A flood of issues from one disaster

I was reading an article by Barry Saunders posted on the News Observer newspaper’s website entitled, “Pamlico County still recovering from floods.” It’s about difficulties with disaster recovery in Pamlico County, NC.  Directly or indirectly, it brought up a number of other issues surrounding disaster recovery.

For instance, one sentence said, “As is their wont, some people seem to be blaming the victims – either because they themselves don’t want to help or because they figure residents should have had adequate insurance or they think they should have pulled themselves up by their own bootstraps by now.” 

This raises a big public policy question.  Should property owners be responsible for maintaining adequate insurance (1) to protect themselves and (2) so as not to burden other taxpayers with paying for their losses?  Shouldn’t someone purchasing property calculate the cost of maintaining insurance coverage into the cost of the purchase when making a decision to buy?  Doesn’t that make good financial sense?  And don’t forget renters – adequate insurance is important for them too.  How can this work, even for those who are of lesser means?

Another issue was raised by this, “A lot of county residents had let their flood insurance lapse because of a bad economy or were lulled into a false sense of security, she said, by – ironically – previous devastating floods that hit in 1999 and 2003. ‘People thought that we’d seen two really, really bad floods and just didn’t think we’d see another ‘100-year flood’ so soon, I thought that myself.’”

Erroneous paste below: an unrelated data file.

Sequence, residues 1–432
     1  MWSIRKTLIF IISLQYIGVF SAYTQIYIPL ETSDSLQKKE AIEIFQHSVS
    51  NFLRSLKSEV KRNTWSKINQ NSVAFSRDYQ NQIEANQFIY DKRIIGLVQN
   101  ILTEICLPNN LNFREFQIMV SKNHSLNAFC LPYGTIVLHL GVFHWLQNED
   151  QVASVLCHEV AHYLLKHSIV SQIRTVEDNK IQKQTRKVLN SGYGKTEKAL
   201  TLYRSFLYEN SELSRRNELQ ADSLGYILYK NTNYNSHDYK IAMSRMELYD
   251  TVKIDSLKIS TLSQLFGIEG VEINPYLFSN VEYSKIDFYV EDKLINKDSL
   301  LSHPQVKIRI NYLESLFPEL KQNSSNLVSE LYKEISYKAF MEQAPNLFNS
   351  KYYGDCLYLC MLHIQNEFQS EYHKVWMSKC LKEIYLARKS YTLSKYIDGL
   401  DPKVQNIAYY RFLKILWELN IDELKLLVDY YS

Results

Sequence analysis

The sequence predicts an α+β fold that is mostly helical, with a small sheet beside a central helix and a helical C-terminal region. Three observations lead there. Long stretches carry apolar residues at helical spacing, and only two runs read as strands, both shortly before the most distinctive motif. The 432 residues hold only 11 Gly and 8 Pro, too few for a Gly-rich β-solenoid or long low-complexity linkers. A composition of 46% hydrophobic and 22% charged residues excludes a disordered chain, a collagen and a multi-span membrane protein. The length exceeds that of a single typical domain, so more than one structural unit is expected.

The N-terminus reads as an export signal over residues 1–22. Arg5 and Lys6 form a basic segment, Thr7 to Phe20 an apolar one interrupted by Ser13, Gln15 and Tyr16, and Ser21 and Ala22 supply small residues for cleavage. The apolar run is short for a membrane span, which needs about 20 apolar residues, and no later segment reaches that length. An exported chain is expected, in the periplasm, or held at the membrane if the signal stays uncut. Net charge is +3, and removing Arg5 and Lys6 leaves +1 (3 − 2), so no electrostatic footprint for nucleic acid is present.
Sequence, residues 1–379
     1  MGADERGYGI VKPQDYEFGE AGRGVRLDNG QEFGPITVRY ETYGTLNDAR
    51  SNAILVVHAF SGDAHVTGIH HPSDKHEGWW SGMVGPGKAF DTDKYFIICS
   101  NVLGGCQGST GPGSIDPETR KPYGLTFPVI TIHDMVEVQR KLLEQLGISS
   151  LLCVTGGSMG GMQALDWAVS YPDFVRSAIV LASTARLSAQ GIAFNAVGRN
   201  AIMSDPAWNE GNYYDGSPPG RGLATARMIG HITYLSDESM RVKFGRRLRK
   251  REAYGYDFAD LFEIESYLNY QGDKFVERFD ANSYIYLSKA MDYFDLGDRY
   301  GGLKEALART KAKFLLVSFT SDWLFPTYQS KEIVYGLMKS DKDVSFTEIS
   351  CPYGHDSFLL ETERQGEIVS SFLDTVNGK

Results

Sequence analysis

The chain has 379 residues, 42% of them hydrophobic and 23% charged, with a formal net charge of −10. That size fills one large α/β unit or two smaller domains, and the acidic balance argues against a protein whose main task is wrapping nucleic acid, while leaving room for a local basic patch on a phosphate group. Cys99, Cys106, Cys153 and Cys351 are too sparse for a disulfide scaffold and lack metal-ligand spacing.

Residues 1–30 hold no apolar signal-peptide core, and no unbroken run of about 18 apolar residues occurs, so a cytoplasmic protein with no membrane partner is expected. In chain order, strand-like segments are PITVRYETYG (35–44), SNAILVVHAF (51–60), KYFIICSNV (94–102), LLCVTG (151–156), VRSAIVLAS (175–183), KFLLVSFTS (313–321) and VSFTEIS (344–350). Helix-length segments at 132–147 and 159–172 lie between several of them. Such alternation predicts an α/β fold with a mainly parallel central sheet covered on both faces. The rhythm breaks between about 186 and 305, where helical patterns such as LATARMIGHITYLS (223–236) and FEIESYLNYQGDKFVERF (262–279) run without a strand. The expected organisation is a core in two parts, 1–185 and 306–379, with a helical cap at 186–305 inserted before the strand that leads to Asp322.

While letting flood insurance coverage lapse because of economic hardship caused by a downturn in the economy is deeply unfortunate, being lulled into a false sense of security because you just had a “100-year flood” shows that the public needs to be better educated.    If we look at the risk of a 100-year flood as 100 to 1 odds and compare that to the odds in a horse race or to the odds of winning the lottery perhaps it becomes more understandable.  Just because the odds may be 100 to 1 for a 100-year flood or 500 to 1 for a 500 year flood, it doesn’t mean it won’t happen two years in a row.  Insurance is part of risk management.

The Barry Saunders article starts and ends by talking about the increasing difficulty in raising funds as you get further and further from the incident date.  A nonprofit organization, Eight Days of Hope, spawned by Hurricane Katrina, expects hundreds of its volunteers to visit Pamlico County, beginning Memorial Day weekend, to help rebuild homes damaged by the flooding and inundated with mold.  While Eight Days of Hope will provide the volunteers, many of them skilled in construction trades, the community is having difficulty raising enough money for the materials needed for rebuilding.  The disaster is off the headlines but is still impacting the survivors. 

The issue raised here is whether there needs to be a more balanced, longer-term view taken with respect to disaster response and recovery assistance.  More and more nonprofit organizations (many of them members of the National Organizations Active in Disasters or their state chapters) and corporate sponsors are moving toward this balancing.  So too is the Federal Government with the advent of theNational Disaster Recovery Framework.

So thank you to Barry Saunders for raising so many issues in one article.  Now let’s think about how these issues can be addressed.